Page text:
This development is raising a lot of eyebrows, because up until now, Halliburton has been able to avoid most of the blame for the BP oil spill disaster. Halliburton previously blamed BP for failing to heed its advice on the design of the well and failing to do all the necessary tests. BP has pointed the finger at the cement mixture Halliburton used. 

According to a report on MSNBC, BP at the last-minute increased the amount of a critical ingredient in that cement mixture. While an earlier test showed the cement was stable, the company never performed a stability test on the new blend. According to Halliburton, a successful test was performed on a cement mix different than the one that was eventually used. Tests that were performed on the mixture used did not include a foam stability test, MSNBC said.

Halliburton’s admission followed the issuance of a letter to the president’s oil spill commission from its chief investigative counsel Fred H. Bartlit Jr. The letter said BP and Halliburton knew weeks before the Deepwater Horizon explosion that the cement mixture they planned to use to seal the new well was unstable but still completed the work, according to MSNBC.

The letter also placed some blame on Transocean, the owner of the Deepwater Horizon rig:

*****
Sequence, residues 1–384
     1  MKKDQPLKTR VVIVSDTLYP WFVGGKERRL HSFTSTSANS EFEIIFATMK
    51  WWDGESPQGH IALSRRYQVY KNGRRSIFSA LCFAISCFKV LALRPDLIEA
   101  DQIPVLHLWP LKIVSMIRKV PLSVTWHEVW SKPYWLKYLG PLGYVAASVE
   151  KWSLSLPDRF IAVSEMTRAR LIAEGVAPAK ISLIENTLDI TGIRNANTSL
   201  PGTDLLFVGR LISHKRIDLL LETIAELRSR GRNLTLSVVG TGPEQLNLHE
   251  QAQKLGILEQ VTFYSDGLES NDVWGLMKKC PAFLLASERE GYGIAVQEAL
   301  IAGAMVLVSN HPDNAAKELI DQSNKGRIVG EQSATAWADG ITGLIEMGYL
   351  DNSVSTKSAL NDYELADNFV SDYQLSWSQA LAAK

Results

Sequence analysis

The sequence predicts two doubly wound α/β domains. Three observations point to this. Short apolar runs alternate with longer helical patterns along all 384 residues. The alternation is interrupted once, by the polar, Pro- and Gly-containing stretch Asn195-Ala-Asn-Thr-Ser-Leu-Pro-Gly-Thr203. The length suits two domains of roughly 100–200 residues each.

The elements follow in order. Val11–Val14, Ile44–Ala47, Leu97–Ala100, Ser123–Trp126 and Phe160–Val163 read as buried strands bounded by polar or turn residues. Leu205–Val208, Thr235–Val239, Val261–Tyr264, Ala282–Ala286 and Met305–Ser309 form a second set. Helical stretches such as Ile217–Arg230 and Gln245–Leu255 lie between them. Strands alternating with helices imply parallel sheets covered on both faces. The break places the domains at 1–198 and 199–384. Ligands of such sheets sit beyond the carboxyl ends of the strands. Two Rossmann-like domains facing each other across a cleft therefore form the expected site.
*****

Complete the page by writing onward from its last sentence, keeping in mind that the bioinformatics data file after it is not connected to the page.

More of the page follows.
“The oil industry has developed tests, such as the negative pressure test and cement evaluation logs, to identify cementing failures” the letter said, but “BP and/or Transocean personnel misinterpreted or chose not to conduct such tests at the Macondo well.”

According to a Wall Street Journal report, the letter cautioned that the new findings don’t absolve BP of responsibility for the Gulf of Mexico oil spill. It notes that cement failures are relatively common, and points out that the well owner – BP – is responsible for testing the cement and fixing any problems.

However, BP could still benefit if investigators determine that Halliburton’s cement design was at fault, the Journal said. Such a development would make it less likely that BP would be found grossly negligent in the disaster, which would reduce its penalties under federal pollution laws.

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Greenpeace Says Oil from BP Spill Remains in Gulf http://www.yourlawyer.com/articles/title/greenpeace-says-oil-from-bp-spill-remains-in-gulf Tue, 26 Oct 2010 00:00:00 -0400 http://www.yourlawyer.com/articles/title/greenpeace-says-oil-from-bp-spill-remains-in-gulf The environmental group Greenpeace isn’t buying the government’s assertions that most of the oil from the BP oil spill has disappeared from the Gulf of Mexico. What’s more, Greenpeace says its laboratory tests prove that crude still remains on the sea floor.

At a news conference yesterday to mark the end of a three-month expedition by the group’s Arctic Sunrise vessel, Greenpeace microbiologist John Hocevar said that test results from a single oiled sediment sample taken in late September from 1 mile deep and about 4 1/2 miles from the spill site confirmed that the oil was from the BP spill.

The Arctic Sunrise spent three months looking for oil and marine life in trouble after it arrived in the Gulf following the April 20 explosion of the Deepwater Horizon drilling rig. Greenpeace is working with scientists from over a dozen institutions and the Gulf Restoration Network to try and get a better understanding of the true impacts of BP’s oil spill.